Original Comment and replies

Isobel

Excellent article, Abufares. I think your choice of the three most obvious religious societies are great examples to help answer this very general question. After Dr. Ayman’s comment I had to think long and hard about what both of you had to say. My conclusion was that on the surface, it may appear that Saudi Arabia, and other Islamist societies are less tolerant than either Jewish or Christian societies. The Saudis are very overt about their intolerance. However, a lot of intolerance is not so obvious and it is important to consider the blurred line between religious intolerance and racism. Canada boasts religious tolerance and as part of it’s Constitution. The large centres like Vancouver, Toronto, Ottawa, and Montreal (for example) have Jewish, Hindu, and Buddist temples, mosques, Catholic, Protestant, and Orthodox churches. Many people who live there embrace the multiculturalism. If you were to go to some smaller centres, however, you would encounter an entirely different make up. The only places of worship found would be Christian, and MAYBE but unlikely, a Jewish temple – depending on the size of the town. I guarantee that if you were to approach the citizens of any of these places and ask them how they would feel about a mosque being built in their town they would all be up in arms (not literally). And why is this? Because this would mean that “Arabs” would be moving into their town and they are deathly afraid of the cultural shift. They are terrified of something different. Years ago…I can’t tell you how many…the Lords Prayer was removed from the school system here to create a secular public system. Many people, to this day, don’t understand why it needed to be done and they are bitter – very bitter. This is something so simple, and yet when someone complains about it, it speaks volumes about what they are really trying to say, don’t you think? There are official and unofficial levels of tolerance and I think the deeper you dig beyond the official level, you will find that many people are very faithful to their own “tribe”. (http://en.wikipedia.org/wiki/Tribalism)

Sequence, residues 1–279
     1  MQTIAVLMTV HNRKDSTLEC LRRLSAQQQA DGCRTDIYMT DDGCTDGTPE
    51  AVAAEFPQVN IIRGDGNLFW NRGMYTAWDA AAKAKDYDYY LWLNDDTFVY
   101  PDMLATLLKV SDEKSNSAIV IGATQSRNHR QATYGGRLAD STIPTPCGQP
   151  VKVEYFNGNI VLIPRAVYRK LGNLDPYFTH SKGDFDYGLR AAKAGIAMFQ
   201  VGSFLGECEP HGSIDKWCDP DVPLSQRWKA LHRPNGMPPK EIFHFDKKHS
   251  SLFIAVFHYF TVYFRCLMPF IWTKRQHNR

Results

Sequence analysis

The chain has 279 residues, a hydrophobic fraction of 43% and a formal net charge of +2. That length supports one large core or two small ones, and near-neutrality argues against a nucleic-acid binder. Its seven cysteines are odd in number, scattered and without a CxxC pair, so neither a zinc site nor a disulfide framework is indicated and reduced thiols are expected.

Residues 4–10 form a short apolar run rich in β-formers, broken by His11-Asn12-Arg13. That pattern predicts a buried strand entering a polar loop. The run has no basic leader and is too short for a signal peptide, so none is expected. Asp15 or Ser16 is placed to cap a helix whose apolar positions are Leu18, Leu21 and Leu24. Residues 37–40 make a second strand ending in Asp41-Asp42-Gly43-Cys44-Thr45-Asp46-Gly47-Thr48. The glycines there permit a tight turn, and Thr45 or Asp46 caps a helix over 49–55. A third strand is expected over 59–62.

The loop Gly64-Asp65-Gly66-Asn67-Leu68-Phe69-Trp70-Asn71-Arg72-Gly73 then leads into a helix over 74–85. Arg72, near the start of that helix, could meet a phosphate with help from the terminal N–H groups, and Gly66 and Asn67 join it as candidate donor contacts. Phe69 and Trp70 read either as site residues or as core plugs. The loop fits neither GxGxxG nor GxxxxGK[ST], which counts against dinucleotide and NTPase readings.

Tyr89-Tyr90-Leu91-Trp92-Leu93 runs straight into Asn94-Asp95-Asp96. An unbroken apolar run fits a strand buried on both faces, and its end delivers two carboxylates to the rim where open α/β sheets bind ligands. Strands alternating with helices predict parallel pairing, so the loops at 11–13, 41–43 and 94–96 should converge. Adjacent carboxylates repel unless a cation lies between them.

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Camille-Alexander Otrakji
Camille-Alexander Otrakji

Member since
August 2010

Isobel, I can tell you from my own experience that when I introduced myself to a “pure” Canadian as a Syrian born Montreal, they usually assume I am a Muslim (I’m Catholic). Their first statements are positive and pleasant. When I later explain I am a Christian, I start hearing a less tolerant version of their opinions of Islam and Muslims and Arabs. Nothing as bad as the Saudis though … if a Mosque is built in their neighborhood they will tolerate it, but not like it. In Saudi Arabia they will burn a church if it is forced on them on the same street.

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